When it comes to property insurance claims, particularly those under a homeowner’s insurance policy, an insured will oftentimes assign its benefits under the policy to a restoration contractor. The request for the assignment may likely be prompted by the contractor that does not want to perform the work without the assignment of benefits. The assignment of benefits (also known by the acronym “AOB”) allows the third-party contractor (as the assignee of the insured) to sue the insurer directly for benefits under the policy associated with the restoration work.
Recently, the Fourth District Court of Appeal found enforceable a provision in a homeowner’s insurance policy that stated, “[n]o assignment of claim benefits, regardless of whether made before a loss or after a loss, shall be valid without the written consent of all ‘insureds,’ all additional insureds, and all mortgagee(s) named in this policy.” Restoration 1 of Port St. Lucie v. Ark Royal Ins. Co., 43 Fla.L.Weekly D2056a (Fla. 4th DCA 2018). This meant that for the assignment of benefits to be valid, all insureds and the insured’s mortgagee had to sign off on the assignment.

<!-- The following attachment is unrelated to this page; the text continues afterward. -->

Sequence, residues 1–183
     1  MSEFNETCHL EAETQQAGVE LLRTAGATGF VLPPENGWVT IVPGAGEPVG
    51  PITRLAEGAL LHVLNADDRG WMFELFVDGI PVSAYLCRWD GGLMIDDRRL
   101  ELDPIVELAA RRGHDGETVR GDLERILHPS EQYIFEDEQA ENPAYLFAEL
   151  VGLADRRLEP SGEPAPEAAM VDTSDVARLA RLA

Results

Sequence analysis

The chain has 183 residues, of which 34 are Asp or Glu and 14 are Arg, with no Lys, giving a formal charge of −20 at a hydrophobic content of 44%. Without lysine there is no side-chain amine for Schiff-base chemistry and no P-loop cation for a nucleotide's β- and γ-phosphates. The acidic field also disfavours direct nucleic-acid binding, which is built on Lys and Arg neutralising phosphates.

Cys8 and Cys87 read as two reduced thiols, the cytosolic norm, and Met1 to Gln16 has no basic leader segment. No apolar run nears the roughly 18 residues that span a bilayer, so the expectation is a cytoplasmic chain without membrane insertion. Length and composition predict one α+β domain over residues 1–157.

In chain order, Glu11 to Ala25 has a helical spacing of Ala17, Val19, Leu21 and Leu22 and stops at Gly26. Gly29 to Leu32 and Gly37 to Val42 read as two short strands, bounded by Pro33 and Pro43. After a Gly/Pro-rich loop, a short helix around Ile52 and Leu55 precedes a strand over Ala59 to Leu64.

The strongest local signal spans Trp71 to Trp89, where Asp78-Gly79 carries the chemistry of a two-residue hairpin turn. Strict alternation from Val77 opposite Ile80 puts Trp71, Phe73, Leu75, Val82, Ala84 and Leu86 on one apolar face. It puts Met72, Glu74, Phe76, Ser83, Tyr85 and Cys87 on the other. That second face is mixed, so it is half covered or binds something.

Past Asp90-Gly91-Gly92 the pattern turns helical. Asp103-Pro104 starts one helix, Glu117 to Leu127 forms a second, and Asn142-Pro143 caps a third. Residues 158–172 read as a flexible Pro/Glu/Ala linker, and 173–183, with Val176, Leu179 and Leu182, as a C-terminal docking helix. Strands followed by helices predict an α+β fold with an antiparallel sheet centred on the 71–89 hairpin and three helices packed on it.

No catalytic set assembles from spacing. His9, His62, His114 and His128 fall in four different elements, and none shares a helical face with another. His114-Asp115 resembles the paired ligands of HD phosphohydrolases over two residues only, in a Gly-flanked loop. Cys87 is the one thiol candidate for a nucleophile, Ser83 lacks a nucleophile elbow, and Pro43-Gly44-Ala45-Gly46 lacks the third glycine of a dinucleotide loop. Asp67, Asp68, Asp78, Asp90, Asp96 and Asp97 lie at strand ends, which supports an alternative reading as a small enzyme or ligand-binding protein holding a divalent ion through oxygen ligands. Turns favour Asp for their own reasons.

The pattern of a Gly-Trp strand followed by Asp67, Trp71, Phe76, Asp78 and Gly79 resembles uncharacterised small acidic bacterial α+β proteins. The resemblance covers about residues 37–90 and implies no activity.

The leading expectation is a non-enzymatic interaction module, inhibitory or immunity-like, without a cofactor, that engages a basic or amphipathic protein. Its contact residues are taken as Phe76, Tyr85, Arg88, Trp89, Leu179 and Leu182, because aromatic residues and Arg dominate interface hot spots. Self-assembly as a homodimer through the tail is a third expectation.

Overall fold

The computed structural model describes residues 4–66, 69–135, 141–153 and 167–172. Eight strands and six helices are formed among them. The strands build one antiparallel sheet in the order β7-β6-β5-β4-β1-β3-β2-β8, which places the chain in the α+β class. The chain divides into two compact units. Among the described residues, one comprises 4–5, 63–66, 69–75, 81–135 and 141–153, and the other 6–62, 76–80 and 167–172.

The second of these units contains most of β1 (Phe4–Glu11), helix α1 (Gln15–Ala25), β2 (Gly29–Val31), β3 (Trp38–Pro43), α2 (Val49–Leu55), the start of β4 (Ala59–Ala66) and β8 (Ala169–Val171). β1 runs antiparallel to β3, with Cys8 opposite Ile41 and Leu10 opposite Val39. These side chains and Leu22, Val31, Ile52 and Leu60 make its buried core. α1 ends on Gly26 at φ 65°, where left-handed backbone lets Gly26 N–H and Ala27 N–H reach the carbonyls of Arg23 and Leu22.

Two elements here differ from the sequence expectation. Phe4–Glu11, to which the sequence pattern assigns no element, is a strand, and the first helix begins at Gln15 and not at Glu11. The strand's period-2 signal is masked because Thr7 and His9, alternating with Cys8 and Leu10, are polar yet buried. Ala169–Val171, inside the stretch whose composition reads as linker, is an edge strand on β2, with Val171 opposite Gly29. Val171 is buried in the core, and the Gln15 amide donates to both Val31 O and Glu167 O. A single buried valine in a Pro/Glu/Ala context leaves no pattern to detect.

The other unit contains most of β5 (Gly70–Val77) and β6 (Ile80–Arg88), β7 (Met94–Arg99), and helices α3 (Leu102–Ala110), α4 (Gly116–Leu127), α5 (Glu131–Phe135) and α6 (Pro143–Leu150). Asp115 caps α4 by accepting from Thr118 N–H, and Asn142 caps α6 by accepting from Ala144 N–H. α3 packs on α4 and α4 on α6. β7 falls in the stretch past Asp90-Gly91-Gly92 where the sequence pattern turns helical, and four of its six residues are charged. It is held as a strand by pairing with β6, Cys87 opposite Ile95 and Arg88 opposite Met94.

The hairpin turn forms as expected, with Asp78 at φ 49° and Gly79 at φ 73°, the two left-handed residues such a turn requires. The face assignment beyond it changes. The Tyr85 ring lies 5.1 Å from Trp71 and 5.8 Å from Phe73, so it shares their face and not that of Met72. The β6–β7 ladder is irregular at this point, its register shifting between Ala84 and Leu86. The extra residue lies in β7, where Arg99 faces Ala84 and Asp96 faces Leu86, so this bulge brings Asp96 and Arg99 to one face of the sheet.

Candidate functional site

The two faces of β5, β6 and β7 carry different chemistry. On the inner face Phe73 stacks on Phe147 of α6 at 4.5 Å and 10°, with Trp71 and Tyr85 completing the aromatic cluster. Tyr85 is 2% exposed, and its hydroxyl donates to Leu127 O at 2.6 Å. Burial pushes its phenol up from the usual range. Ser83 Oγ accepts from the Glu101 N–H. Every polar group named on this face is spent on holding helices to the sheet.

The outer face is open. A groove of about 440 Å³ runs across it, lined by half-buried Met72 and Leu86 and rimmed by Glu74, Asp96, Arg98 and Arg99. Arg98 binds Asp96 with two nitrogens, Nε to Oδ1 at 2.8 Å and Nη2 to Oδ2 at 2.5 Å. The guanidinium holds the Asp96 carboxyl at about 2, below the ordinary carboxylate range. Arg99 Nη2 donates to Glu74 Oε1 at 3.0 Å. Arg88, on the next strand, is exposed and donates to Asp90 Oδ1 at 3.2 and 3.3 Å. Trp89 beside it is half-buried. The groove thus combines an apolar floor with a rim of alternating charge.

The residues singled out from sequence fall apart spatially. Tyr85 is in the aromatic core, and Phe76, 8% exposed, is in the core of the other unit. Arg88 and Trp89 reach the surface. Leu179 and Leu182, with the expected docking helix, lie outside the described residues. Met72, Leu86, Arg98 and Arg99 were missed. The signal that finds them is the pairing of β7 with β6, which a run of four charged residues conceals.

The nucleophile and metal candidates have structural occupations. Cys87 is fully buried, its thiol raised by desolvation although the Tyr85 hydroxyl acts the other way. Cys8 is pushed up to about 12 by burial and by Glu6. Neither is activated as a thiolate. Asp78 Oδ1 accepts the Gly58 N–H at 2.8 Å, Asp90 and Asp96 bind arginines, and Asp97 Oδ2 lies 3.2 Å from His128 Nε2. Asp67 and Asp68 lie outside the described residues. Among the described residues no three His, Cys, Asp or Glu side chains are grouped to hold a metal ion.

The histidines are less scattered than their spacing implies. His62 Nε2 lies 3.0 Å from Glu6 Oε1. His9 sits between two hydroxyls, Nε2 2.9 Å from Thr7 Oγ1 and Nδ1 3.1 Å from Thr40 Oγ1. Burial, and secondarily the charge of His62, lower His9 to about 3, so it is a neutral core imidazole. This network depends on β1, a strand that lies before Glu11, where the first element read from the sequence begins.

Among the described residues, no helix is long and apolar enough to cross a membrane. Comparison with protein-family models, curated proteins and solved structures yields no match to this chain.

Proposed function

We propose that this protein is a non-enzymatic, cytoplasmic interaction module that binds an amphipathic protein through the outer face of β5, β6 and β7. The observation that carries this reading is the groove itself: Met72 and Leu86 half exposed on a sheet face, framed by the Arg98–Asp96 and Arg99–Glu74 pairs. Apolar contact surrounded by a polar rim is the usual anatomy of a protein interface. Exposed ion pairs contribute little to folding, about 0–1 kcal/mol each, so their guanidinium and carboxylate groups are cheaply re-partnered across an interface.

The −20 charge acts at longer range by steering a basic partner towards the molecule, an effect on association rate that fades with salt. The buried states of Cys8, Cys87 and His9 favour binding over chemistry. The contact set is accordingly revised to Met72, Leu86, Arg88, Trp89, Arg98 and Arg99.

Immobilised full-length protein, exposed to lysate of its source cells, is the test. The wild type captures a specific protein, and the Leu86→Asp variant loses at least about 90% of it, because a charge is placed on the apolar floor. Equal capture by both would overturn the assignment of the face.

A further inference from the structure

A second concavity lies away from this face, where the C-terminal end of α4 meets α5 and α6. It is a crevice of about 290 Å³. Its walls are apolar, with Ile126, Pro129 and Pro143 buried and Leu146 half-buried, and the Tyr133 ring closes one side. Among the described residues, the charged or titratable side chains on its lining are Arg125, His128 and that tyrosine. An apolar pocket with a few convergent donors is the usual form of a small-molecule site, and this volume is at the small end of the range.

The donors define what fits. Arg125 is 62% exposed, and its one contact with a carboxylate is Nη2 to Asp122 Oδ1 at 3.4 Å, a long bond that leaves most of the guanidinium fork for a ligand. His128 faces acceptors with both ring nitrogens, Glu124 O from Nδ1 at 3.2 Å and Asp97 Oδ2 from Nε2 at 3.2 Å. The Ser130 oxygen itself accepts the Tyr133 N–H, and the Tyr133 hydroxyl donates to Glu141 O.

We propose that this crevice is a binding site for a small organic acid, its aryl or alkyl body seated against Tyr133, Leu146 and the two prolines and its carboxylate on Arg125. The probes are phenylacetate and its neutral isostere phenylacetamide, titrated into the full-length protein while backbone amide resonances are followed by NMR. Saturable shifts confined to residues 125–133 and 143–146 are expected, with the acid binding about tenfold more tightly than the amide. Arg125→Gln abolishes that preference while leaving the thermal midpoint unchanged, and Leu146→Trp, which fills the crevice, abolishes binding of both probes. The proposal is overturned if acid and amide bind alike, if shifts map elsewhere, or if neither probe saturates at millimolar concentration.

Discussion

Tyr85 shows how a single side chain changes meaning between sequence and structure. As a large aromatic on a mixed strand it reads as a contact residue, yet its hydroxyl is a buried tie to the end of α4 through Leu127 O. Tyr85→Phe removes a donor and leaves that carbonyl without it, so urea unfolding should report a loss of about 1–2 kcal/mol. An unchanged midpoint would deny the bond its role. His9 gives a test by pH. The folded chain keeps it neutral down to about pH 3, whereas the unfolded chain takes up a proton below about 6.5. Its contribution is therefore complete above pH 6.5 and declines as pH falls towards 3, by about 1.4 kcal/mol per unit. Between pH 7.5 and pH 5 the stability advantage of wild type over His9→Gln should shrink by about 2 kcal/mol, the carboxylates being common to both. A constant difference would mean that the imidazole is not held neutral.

In this case, the restoration contractor got the assignment of benefits signed by the wife-insured, but the assignment was not signed by the husband-insured or the mortgagee. Based on this, the insurer denied payment to the restoration contractor. The restoration contractor sued the insured based on the assignment and the Fourth District affirmed the trial court in dismissing the complaint holding that the language of the assignment of benefits provision in the policy is enforceable (meaning the contractor needed the written consent of all insureds and the mortgagee in order to effectuate a valid assignment).
Regardless of your feelings about assignment of benefits, the language in the homeowner’s policy must be reviewed to ensure compliance with any assignment of benefits language in the policy.
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